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Jim Peters was Fred’s boss at Sunsports. Fred was a motorcycle mechanic at Sunsports when he was arrested.

(Peters called detectives and told them Fred was cutting the lining out of his camouflage jacket and was scrubbing it)

Evidence #51 a photo of Sunsports exterior from December 2005.

Peters’ office had a view of the service area where mechanics worked on motorcycles and ATVs.

He is the one who hired Fred Cooper. Says Cooper had worked there for 8 or nine months in December 05. He worked on motorcycles and ATVs.

Confirms Fred drove a yellow Suzuki motorcycle.

Each mechanic had his own bay to work. They would test drive the motorcycles when fixing them. If it was a routine test drive, they didn’t need special permission.

In Dec 2005, he learned about the double homicide from the news.

The prosecution asked if Peters remembers seeing LCSO deputies speaking with Cooper at Sunsports. (He said he didn’t recall, so now he’s reviewing his prior testimony.)

He does remember Cooper asking to leave to run an errand. Cooper left on his motorcycle and was gone approx 25 minutes.

When he came back Peters saw Cooper, “with his camoflouge jacket and spent the next hour cleaning and scrubbing on it.” Peters was in his office and looking through the window seeing this.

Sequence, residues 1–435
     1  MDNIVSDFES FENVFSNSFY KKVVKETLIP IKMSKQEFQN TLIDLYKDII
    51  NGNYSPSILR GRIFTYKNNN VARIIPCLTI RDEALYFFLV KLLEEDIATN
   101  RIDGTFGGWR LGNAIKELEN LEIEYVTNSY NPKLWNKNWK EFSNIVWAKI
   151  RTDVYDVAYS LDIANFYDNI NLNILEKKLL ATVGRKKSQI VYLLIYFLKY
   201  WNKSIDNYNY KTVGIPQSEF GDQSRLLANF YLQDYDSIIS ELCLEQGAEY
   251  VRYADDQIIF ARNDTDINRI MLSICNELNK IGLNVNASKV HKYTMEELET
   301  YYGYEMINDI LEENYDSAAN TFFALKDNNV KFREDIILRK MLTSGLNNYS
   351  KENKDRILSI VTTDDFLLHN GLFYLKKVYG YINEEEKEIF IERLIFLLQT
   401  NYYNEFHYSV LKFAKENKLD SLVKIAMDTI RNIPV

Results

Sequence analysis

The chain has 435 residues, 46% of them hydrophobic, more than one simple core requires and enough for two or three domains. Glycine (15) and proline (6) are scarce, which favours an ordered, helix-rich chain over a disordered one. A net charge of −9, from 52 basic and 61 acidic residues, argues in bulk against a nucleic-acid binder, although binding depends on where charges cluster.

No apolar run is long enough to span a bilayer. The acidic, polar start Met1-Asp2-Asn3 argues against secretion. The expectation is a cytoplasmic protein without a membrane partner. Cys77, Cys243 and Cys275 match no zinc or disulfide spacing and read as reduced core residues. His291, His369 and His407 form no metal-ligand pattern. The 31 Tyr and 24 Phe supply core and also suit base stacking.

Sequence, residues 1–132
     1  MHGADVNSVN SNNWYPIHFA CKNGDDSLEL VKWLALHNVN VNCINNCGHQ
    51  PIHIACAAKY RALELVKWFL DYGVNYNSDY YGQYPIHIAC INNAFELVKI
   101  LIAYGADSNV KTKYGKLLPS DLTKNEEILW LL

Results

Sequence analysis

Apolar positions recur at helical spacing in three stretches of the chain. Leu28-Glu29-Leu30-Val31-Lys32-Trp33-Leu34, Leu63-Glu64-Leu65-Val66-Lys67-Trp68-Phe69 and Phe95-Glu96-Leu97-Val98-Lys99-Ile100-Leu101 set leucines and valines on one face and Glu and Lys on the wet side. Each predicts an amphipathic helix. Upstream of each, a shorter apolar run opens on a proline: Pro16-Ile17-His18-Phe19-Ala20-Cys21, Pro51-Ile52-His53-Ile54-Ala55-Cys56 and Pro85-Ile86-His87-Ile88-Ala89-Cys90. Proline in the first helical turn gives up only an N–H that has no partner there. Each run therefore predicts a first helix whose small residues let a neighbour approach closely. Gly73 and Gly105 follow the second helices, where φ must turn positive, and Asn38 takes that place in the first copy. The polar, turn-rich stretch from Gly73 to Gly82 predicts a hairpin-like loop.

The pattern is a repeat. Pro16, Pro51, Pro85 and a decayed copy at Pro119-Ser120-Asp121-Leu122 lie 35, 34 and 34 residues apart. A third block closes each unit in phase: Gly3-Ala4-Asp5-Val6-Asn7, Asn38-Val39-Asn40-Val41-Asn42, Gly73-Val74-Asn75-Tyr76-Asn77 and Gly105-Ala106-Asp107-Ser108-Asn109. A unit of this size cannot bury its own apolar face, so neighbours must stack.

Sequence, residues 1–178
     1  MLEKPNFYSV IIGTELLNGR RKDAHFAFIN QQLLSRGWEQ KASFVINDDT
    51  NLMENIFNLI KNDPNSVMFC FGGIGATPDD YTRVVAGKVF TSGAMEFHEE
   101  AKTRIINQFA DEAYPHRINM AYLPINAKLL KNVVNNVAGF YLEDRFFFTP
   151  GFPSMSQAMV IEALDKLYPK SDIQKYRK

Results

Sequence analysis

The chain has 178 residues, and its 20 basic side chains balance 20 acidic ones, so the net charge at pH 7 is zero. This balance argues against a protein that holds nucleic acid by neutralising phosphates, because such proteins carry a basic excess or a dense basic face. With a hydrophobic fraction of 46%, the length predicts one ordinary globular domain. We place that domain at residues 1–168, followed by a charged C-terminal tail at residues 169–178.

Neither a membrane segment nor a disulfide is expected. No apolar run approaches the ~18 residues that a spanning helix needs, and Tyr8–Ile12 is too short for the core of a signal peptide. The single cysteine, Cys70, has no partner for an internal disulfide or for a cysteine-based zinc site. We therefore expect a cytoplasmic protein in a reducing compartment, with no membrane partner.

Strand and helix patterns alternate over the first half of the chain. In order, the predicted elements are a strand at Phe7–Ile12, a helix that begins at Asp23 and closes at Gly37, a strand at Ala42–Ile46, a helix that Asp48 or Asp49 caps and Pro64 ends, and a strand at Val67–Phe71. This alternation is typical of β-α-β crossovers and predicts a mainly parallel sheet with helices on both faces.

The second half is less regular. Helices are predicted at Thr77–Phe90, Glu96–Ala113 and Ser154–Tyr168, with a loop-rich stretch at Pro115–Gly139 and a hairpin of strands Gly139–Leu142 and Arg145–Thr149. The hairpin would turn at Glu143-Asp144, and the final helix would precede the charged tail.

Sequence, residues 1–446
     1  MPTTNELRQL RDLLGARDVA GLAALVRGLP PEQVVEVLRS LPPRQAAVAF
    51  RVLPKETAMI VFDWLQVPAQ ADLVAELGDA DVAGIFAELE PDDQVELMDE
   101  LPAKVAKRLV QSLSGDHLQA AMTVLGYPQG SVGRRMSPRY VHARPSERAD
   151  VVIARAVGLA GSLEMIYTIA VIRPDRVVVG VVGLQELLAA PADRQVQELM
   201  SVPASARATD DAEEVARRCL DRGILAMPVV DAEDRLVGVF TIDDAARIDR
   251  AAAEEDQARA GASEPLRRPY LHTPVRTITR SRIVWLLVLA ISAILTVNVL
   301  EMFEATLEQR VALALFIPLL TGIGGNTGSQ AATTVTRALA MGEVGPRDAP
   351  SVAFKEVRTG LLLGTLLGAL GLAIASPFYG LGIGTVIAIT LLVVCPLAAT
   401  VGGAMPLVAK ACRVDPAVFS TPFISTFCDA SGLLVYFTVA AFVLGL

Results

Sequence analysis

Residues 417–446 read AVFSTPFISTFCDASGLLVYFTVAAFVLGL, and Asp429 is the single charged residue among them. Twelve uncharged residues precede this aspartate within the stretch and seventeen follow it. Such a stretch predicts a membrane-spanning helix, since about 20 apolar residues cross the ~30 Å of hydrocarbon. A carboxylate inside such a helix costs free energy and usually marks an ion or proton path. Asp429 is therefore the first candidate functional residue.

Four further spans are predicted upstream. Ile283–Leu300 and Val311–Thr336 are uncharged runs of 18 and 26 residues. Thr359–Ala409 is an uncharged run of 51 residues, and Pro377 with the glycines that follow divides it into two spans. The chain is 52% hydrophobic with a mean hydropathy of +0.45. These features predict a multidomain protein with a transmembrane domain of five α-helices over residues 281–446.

He was using spray solvents on the jacket. Those are used clean, evaporate and dry. They have strong odors.

Exhibit 52a – picture of the interior of the Sunsports shop (Fred’s work area).

Peters says Fred was in the corner by his toolbox when scrubbing the jacket.

Next, Peters saw Fred “cutting a section of the lining of the jacket with a razor blade or something like that.”

Says Cooper threw the lining away in the trash can in his work area.

Two pictures of the mesh lining in the trash can are entered into evidence. (exhibits 53 and 54). [No blood was found on the lining]

You can see more of the evidence here:

[The camo jacket still has not been entered into evidence]

After seeing Fred doing this to the jacket, he called the investigators. One of the detectives went to Sunsports and collected the liner from the trash can.

He also turned some items over – a couple of cans of spray cleaners and some of the rags they use for cleaning.

State’s exhibit 52b – can of cleaner (one of the cleaners Cooper may have used to clean his jacket).

State’s exhibit 90 – can of electrical contact cleaner (one of the cleaners Cooper may have used to clean his jacket).

There was a video surveillance system at Sunsports. (this is new information – not released before)

State’s exhibits 55 – 65 (still photos from the surveillance video). Shows the exterior of Sunsports and Fred is in the shot – near a truck. Hard to tell from here – too far away.

The photos are from Dec 27 and Dec 29 at various times.

Fred Cooper is in the photos, on his motorcycle. There was a hose at the corner of the building where they would wash motorcycles. Employees were allowed to wash their motorcycles there.

(No DNA was found on Cooper’s motorcycle. Seems like they’re implying Cooper washed his motorcycle there).

Peters said “I asked if he did it he said nope I had nothing to do with it.”

15 minute recess

Written by Melissa Hudson

October 8, 2008 at 10:18 am

Posted in Day 6